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Goodall v. Jack

Supreme Court of California,Department Two
Dec 22, 1899
127 Cal. 258 (Cal. 1899)


L.A. No. 592.

December 22, 1899.

APPEAL from a judgment of the Superior Court of San Luis Obispo County and from an order denying a new trial. E.P. Unangst, Judge.

The facts are stated in the opinion of the court.

George W. Towle, Jr., and Wilcoxon Bouldin, for Appellants.

C.W. Goodchild, and W.H. Spencer, for Respondent.

The defendant Jack was, during the times mentioned in the complaint, a stockholder of a corporation called the West Coast Land Company, and this action is brought to recover the proportionate share of defendant as such stockholder of a debt of the corporation alleged to have been incurred to one J.N. Knowles for money borrowed from him by the corporation on the fifteenth day of May, 1894. In his answer the defendant pleads, among other things, that the alleged cause of action is barred by the provisions of subdivision 1 of section 338 and section 359 of the Code of Civil Procedure. Judgment went in the court below for the defendant, and plaintiffs appeal from the judgment and from an order denying their motion for a new trial.

The court found, among other things, that the alleged cause of action was barred by the provisions of the code above mentioned; and the only point discussed by counsel is whether or not that finding was correct.

It appears from the evidence that in May, 1890, the corporation above mentioned incurred an indebtedness to the plaintiffs herein of a sum of money amounting to nearly two hundred thousand dollars, for which it gave to the plaintiffs four promissory notes for different sums amounting in the aggregate to said sum of about two hundred thousand dollars. Four years afterward — on or about the fifteenth day of May, 1894 — the board of directors passed a resolution authorizing the president and secretary to make notes of the corporation, payable to plaintiffs in the amount of the old notes, with interest, upon the surrender of the old notes, or, upon the receipt of the face value of the new notes from "any other person," then to make the new notes to such other person, and "to immediately apply all sums so received from said new notes in payment of said old notes." The old notes, with interest, then amounted to two hundred and nineteen thousand two hundred and thirteen dollars and sixty-two cents. On said fifteenth day of May, 1894, one of the plaintiffs brought to the secretary of the corporation a check of J.N. Knowles upon the Anglo-Californian Bank, Limited, for the said sum of two hundred and nineteen thousand two hundred and thirteen dollars and sixty-two cents, and the plaintiff delivered up to the secretary all the old notes to be canceled. The check of Knowles was immediately indorsed by the secretary to plaintiffs; and notes for the said amount were made payable to Knowles, which notes were on the same day indorsed by Knowles to the plaintiffs, and the check of Knowles was deposited by plaintiffs to their credit with the First National Bank of San Francisco. Knowles seems to have had good financial standing with the Anglo-Californian Bank, although when he drew the check on the 15th there was a balance due him on his account with the bank of only about twelve hundred dollars. But on the next day — the 16th — he gave to the bank his note for the amount of the check, and the amount of his note was placed to his credit. On the next day he received a check from plaintiffs for two hundred and nineteen thousand two hundred and eighty-six dollars and sixty-nine cents, and took up his note by checking against his account. In the whole transaction the negotiations were between the plaintiffs and the corporation, and the latter knew nothing of Knowles in the business, except only that the check was signed by him and the new notes were made payable to him.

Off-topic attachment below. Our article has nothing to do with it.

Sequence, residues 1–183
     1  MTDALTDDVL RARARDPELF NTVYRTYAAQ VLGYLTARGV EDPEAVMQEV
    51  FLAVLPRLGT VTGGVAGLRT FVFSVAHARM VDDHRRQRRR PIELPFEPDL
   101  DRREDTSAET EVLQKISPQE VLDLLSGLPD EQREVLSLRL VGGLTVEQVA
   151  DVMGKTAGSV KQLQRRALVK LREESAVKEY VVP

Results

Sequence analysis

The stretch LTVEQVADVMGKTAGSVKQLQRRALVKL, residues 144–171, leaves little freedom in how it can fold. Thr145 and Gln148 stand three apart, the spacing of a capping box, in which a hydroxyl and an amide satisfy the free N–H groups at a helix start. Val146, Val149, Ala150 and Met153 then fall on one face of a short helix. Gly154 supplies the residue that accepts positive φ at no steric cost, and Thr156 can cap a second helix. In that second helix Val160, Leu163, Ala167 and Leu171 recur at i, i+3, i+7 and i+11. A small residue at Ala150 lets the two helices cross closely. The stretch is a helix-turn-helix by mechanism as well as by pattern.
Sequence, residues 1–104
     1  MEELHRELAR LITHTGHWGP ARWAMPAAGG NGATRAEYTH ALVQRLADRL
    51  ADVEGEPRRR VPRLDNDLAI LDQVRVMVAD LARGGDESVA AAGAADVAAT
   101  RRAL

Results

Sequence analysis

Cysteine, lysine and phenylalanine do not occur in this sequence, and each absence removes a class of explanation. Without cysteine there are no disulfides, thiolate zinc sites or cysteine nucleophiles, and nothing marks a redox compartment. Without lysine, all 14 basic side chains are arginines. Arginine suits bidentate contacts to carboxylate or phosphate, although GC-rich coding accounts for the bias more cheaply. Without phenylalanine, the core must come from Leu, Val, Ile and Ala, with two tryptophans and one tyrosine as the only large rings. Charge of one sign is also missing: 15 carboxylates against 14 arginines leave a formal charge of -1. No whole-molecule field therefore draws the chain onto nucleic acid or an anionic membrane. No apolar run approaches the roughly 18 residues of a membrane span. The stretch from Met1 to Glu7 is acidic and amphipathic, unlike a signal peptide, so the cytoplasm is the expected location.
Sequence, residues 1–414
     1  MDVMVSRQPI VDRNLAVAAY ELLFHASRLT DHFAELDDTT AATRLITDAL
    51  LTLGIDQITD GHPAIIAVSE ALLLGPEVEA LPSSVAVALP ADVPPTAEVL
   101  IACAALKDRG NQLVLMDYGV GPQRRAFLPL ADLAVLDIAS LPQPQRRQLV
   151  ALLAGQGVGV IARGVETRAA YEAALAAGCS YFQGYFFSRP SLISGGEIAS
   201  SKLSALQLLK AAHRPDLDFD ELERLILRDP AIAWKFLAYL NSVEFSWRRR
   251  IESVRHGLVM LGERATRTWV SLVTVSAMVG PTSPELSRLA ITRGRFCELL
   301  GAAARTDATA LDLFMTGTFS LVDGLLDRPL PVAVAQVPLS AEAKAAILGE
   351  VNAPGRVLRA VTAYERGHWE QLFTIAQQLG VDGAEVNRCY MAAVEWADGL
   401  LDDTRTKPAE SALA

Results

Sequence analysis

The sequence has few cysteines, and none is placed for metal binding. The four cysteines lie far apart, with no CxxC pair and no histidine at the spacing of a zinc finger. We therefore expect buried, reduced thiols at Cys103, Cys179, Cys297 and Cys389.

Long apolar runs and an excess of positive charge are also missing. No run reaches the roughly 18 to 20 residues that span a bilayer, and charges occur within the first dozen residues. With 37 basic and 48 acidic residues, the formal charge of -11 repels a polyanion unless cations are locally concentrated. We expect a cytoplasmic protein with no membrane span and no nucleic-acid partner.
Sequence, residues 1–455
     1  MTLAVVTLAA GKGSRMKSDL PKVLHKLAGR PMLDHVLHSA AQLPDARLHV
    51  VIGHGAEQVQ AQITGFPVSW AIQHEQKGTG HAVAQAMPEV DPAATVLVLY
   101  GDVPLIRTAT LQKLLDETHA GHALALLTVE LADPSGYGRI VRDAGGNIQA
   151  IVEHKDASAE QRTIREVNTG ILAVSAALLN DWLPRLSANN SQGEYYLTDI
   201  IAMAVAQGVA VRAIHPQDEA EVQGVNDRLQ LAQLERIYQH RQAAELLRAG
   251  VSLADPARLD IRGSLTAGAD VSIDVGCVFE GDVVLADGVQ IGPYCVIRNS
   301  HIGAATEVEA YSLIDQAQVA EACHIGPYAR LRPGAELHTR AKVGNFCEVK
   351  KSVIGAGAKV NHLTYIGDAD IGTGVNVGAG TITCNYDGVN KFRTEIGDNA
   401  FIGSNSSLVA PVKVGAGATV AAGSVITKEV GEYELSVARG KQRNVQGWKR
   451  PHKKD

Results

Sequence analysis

From the foregoing facts it is apparent that the court was warranted in finding that the transactions above mentioned constituted merely a renewal of the old debt by taking up the old notes and giving new ones in lieu thereof. But the running of the statute of limitations in favor of the stockholders could not in this way be interrupted. The suit was not brought until seven years after the time when the original liability was created. (Code Civ. Proc., sec. 359; Bank v. Pacific etc. Co., 103 Cal. 594; Redington v. Cornwell, 90 Cal. 63; Winona Wagon Co. v. Bull, 108 Cal. 1.) These views make it unnecessary to discuss other questions — as, for instance, what the respondent's rights would have been if Knowles had really advanced the money to the corporation upon the credit of its notes to him, and the money thus advanced had been actually used by the corporation to pay off the old notes which were evidences of the original liability created in 1890.

The judgment and order appealed from are affirmed.

Summaries of

Goodall v. Jack

Supreme Court of California,Department Two
Dec 22, 1899
127 Cal. 258 (Cal. 1899)
Case details for

Goodall v. Jack

Case Details

Full title:CHARLES GOODALL et al., Appellants, v. R.E. JACK, Respondent

Court:Supreme Court of California,Department Two

Date published: Dec 22, 1899


127 Cal. 258 (Cal. 1899)
59 P. 575

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